Seattle firefighters are on a different kind of lifesaving mission. They conduct mobile vaccine clinics at neighborhood group homes. It’s one of the ways the city is working to see that older people and people of color get the coronavirus shot.
So far, state figures show African Americans make up 2.1% of those currently eligible for the vaccine and are 2.7% of those who have received the vaccine.
Rev. Walter Kendricks, the African American minister of the Morning Star Missionary Baptist Church in Spokane, said, “Our history is we’re somewhat leery of the health care apparatus in this nation, but we have to get this vaccine.”
And while 3.6% of Latinos are currently eligible, they’ve received only 2.5% of the doses.
“We’ve significantly ramped up the allocation — about 20% of the entire state allocation is now going to community and immigrant health care providers. That’s gone up significantly in the last couple of weeks,” Gov. Jay Inslee said.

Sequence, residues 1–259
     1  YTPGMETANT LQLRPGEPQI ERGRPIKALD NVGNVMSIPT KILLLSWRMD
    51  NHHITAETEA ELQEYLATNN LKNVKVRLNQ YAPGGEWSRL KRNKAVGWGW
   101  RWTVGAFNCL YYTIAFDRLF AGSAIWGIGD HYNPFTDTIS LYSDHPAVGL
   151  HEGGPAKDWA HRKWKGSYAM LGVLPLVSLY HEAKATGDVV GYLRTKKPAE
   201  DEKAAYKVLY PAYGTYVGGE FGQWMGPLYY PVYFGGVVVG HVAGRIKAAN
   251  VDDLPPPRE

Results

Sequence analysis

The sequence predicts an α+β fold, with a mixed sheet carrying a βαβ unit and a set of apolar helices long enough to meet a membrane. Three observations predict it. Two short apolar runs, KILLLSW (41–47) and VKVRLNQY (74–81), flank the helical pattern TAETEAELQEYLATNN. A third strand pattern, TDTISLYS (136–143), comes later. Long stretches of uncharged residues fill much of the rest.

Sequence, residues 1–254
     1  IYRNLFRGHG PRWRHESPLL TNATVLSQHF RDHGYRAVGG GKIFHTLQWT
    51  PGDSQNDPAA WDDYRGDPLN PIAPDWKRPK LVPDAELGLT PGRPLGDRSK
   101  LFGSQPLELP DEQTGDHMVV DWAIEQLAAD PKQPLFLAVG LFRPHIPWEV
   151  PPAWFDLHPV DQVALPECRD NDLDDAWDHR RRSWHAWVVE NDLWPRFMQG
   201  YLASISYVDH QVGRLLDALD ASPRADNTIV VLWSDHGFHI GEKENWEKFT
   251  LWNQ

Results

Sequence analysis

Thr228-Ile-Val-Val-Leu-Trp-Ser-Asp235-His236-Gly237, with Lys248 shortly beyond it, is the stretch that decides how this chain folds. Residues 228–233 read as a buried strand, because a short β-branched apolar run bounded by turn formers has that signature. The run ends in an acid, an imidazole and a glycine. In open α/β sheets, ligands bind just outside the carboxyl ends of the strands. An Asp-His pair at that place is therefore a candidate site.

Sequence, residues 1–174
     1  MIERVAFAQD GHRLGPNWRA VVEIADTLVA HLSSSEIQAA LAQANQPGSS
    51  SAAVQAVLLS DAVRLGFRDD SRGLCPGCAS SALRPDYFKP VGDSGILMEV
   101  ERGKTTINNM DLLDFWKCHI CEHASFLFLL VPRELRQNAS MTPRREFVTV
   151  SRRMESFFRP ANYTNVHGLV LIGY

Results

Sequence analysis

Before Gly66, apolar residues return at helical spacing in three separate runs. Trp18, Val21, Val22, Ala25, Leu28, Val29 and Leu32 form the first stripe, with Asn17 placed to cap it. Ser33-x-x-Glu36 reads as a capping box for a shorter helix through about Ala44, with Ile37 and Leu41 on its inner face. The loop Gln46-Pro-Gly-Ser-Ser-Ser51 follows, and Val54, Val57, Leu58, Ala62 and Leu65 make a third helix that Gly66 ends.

Today, the All In WashingtonCOVID-19 relief campaign launched what it calls the Vaccine Equity Initiative. Its goal is to raise $15 million to help community organizations reach communities of color.
But isn’t this a core function of state and local government? Why should philanthropy be necessary?
King County Executive Dow Constantine responded, “The reason that philanthropy is needed is because, fundamentally, public health is underfunded, and they are stretched mighty thin right now. And the reason that public health and many other public works are underfunded is because the state has an anachronistic and unfair tax system that is not well-tailored to the modern economy.”
Seattle Mayor Jenny Durkan added, “We won’t get through this if we’re not all in it together. We need business, government philanthropy, community-based organizations — all of us getting through this.”
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